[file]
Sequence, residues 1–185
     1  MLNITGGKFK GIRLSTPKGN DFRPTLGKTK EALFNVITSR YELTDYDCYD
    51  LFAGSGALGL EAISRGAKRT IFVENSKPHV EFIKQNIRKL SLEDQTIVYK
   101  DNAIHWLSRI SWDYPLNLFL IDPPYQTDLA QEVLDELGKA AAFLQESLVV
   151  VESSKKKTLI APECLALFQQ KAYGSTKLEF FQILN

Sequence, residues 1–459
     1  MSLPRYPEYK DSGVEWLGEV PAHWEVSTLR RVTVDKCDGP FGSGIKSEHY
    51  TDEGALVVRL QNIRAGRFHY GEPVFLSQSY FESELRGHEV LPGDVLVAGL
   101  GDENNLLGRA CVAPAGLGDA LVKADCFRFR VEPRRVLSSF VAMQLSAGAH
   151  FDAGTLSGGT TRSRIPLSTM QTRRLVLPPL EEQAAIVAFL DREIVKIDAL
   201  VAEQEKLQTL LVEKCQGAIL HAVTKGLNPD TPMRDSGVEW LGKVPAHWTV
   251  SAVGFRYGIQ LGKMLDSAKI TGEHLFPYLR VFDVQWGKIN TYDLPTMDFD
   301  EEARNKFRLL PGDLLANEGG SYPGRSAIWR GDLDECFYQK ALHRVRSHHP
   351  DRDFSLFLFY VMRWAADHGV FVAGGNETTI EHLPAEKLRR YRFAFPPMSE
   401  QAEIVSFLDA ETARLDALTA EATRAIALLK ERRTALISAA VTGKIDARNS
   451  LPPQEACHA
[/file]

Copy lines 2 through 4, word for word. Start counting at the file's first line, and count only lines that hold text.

     1  MLNITGGKFK GIRLSTPKGN DFRPTLGKTK EALFNVITSR YELTDYDCYD
    51  LFAGSGALGL EAISRGAKRT IFVENSKPHV EFIKQNIRKL SLEDQTIVYK
   101  DNAIHWLSRI SWDYPLNLFL IDPPYQTDLA QEVLDELGKA AAFLQESLVV